The chart that accompanied the guardedly optimistic article "Golden State's Luster Not Worn Off Yet" (Jan. 8) presented contrasts between New England and California economics but failed to address some serious underlying problems.
Just because California is not overbuilt, as New England is, does not mean real estate prices won't eventually fall as sharply. Thousands of homes here require two incomes to stay out of foreclosure. Many of these are owned by high-tech, defense and finance industry employees.
Also, housing price structures and income demographics are likely more sensitive here than in New England. Can we support our housing industry with fast-food employees and the small sweatshops of unskilled workers that have sprung up on the backsides of Los Angeles and Orange counties? Mere growth of employment is only part of the equation. A big part is the skills and earning levels of workers.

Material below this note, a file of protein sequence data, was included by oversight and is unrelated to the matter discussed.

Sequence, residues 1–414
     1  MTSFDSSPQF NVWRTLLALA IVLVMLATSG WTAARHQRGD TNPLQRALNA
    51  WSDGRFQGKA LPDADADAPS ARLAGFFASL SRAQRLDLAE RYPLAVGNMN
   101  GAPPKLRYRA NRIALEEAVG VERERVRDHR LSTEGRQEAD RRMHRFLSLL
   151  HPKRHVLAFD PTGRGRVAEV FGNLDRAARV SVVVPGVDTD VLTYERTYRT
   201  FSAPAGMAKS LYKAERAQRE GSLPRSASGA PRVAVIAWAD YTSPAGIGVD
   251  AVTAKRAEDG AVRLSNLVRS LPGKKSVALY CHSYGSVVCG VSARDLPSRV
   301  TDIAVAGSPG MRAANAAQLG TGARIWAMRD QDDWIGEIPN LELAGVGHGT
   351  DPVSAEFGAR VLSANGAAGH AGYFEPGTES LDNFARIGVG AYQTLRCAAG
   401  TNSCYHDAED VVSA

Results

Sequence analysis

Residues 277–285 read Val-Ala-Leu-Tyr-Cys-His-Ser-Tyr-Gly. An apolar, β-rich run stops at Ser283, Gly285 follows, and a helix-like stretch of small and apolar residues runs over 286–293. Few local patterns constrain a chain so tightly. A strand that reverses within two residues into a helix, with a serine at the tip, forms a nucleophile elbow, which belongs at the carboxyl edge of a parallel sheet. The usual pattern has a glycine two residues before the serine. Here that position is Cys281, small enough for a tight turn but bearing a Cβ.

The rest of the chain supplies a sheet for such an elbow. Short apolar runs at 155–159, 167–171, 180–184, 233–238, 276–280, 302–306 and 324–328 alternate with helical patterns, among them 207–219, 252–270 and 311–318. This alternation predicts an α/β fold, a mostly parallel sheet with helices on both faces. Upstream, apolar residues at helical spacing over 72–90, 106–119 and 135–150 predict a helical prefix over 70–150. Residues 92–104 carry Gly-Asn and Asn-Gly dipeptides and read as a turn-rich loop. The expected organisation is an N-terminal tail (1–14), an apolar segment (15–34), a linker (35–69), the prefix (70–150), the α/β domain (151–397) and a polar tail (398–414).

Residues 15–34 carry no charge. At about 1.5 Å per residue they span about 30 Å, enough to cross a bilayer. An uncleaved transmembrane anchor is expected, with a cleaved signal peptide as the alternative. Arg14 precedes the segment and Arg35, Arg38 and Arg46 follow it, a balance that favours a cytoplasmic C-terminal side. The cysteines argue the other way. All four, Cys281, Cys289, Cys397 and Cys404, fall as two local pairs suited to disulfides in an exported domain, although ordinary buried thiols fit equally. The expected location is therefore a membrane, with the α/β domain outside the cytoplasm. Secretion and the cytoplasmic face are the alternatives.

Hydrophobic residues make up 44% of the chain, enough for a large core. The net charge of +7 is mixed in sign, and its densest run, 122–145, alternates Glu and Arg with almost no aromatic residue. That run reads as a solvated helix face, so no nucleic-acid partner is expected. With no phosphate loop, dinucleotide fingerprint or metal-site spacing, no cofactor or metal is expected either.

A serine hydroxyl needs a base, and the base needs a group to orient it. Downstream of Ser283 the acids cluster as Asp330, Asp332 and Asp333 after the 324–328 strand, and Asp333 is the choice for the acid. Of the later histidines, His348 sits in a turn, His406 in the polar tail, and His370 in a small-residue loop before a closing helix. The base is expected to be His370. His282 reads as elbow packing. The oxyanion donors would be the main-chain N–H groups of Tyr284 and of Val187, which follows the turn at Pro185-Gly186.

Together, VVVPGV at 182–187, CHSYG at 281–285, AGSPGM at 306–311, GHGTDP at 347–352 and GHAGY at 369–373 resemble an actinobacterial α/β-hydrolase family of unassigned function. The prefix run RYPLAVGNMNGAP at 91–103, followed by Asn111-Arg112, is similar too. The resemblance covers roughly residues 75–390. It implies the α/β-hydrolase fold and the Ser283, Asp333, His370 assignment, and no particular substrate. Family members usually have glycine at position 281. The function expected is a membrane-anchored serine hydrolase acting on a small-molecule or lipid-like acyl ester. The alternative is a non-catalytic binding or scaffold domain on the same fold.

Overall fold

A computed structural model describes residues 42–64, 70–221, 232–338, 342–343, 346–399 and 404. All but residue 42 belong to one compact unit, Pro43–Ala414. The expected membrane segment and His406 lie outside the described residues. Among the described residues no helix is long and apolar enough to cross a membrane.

It is consistent with California's sense of self-importance that we believe that the entertainment industry is a major employer and recession-proof. There is potential for major reductions in entertainment spending as the economy turns sour.
Our usually strong agricultural industry is a shambles since the recent freezes. And how many skilled workers are employed in that industry?
International trade? How much of that is based on U.S. imports? Can we continue to borrow and spend? What do consumer spending habits tell us?
Exports? If we end up in a world recession, they'll suffer enormously.
High tech? All technology-based industries are ready for a major shakeout. Where will the money for R&D; come from?
An economy twice the size of New England that is trying to assimilate unskilled workers while slashing education funding, raising taxes and increasingly falling victim to costly special interest no-growth housing policies may be twice as likely to take a very hard fall.
ARTHUR J. DELLINGER JR.